Black hole records have been rewritten.
A black hole with about 10 times the mass of the Sun is lurking just 1,560 light-years away from Earth, new research reports. That’s about double his previous Proximity Champion.
A newly discovered object, a stellar-mass black hole named Gaia BH1, exists in a binary star system whose other members are Sun-like stars. This star is as far from its black brethren as the Earth is from the Sun, making Gaia BH1 very special.
“While there have been many claimed detections of systems like this, almost all these discoveries have subsequently been refuted,” study lead author Kareem El-Badry, of the Harvard-Smithsonian Center for Astrophysics in Massachusetts and the Max Planck Institute for Astronomy in Germany, said in a statement. “This is the first unambiguous detection of a sunlike star in a wide orbit around a stellar-mass black hole in our galaxy.”
Astronomers think that our Milky Way galaxy harbors about 100 million stellar-mass black holes, light-gobbling objects that are five to 100 times more massive than the sun.
Their small size makes these bodies relatively hard to detect, however, especially by telescope. (Gravitational-wave detectors have had more success recently, finding evidence of mergers involving these objects.) And the ones that scientists do see tend to be “X-ray binaries,” black holes that pull material from a companion star into an accretion disk around themselves. This fast-orbiting dust and gas emits X-rays, high-energy light that some powerful telescopes can observe. However, not all stellar-mass black holes inhabiting binary systems are actively supplying energy. Finding these dormant objects is even more difficult and requires different strategies.
Researchers used one such alternative technique in a new study. They were looking at data collected by the European Space Agency’s (ESA) Gaia spacecraft that accurately map the positions, velocities, and orbits of about two billion Milky Way stars.
One of these stars is a member of Gaia BH1. Small irregularities can be seen in its movement. This indicates that something huge and invisible is being pulled by gravity.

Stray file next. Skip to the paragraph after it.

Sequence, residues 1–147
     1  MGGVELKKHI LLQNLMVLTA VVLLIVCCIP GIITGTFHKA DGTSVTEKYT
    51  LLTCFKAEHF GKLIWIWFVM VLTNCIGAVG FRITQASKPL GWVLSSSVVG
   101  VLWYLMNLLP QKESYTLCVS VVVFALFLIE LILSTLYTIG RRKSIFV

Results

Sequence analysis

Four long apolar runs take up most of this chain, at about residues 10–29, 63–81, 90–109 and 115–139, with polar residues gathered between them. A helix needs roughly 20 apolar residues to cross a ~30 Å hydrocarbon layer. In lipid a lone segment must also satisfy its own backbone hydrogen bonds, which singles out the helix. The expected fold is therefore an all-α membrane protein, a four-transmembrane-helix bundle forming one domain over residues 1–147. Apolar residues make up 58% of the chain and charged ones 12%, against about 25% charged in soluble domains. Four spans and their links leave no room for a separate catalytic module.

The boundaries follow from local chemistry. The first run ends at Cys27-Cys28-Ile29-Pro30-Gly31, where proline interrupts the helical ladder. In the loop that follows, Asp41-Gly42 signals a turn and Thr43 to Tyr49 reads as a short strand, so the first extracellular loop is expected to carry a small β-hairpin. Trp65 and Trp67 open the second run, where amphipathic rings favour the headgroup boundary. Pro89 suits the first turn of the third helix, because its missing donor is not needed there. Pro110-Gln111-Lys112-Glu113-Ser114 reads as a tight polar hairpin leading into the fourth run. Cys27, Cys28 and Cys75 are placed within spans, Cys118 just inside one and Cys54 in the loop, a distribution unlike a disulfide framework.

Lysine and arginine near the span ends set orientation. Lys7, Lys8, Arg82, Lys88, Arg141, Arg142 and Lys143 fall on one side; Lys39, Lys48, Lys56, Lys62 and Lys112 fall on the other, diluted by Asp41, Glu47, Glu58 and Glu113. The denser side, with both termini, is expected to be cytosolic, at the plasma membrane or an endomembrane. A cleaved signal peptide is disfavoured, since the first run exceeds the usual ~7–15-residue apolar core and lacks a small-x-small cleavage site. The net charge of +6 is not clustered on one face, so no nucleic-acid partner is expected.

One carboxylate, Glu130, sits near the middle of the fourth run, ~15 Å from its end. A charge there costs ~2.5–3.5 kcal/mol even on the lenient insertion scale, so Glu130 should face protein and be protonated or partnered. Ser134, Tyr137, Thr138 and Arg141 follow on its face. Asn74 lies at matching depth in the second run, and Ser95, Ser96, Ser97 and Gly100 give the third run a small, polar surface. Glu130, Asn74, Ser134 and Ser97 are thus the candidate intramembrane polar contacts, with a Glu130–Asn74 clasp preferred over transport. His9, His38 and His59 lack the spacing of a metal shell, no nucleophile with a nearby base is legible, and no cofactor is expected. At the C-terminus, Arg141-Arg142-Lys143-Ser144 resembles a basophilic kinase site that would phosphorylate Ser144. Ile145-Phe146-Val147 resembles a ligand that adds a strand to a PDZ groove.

Gaia’s measurements suggested that a black hole could be its tug, but scientists needed more data to know for sure. There they studied the stars using a variety of ground instruments, including the Gemini North and Keck 1 telescopes in Hawaii and the Magellan Clay and his MPG/ESO telescopes in Chile.
These follow-up observations, combined with Gaia data, allowed the team to make detailed measurements of the system. The invisible object contains the mass of 10 suns and orbits the system’s center of mass about once every 186 Earth days. And it must be a black hole.
“Following observations of Gemini confirm beyond reasonable doubt that the binary contains a regular star and at least one dormant black hole,” said El-Badry. I’m here. “We were unable to find a plausible astrophysical scenario that could explain the observed orbits of a system that does not contain at least one black hole.”
For example, if Gaia BH1’s invisible object is a star, it will be much brighter than its companion, making it easier to see. However, none of the team’s observations indicated there was a second star for her in the system.
The Gaia BH1 system is attractive not only because of its relative proximity. (Indeed, it’s closer to how the universe works. The Milky Way’s famous spiral disk is about 100,000 light-years across.) The researchers determined how stars and black holes got to where they are today. Is not …
Gaia BH1’s mass suggests that the dead and born star must have been huge – at least about 20 times her solar mass. Such giants live only a few million years and become very bloated before giving up ghosts.
Modeling work suggests that such bloating likely destroyed the companion before it had a chance to evolve into a Sun-like star (if the two were born at the same time). Alternatively, had it survived, it would have landed in a much narrower orbit than it currently is, the researchers said.
“What’s interesting is that the system isn’t easily adaptable from standard binary evolution models,” says El Badry. “It raises a lot of questions about how this binary system came about and how many of these dormant black holes are out there.”
A new survey was released today (November 20). 4) in der Zeitschrift Monthly Notices of the Royal Astronomical Society.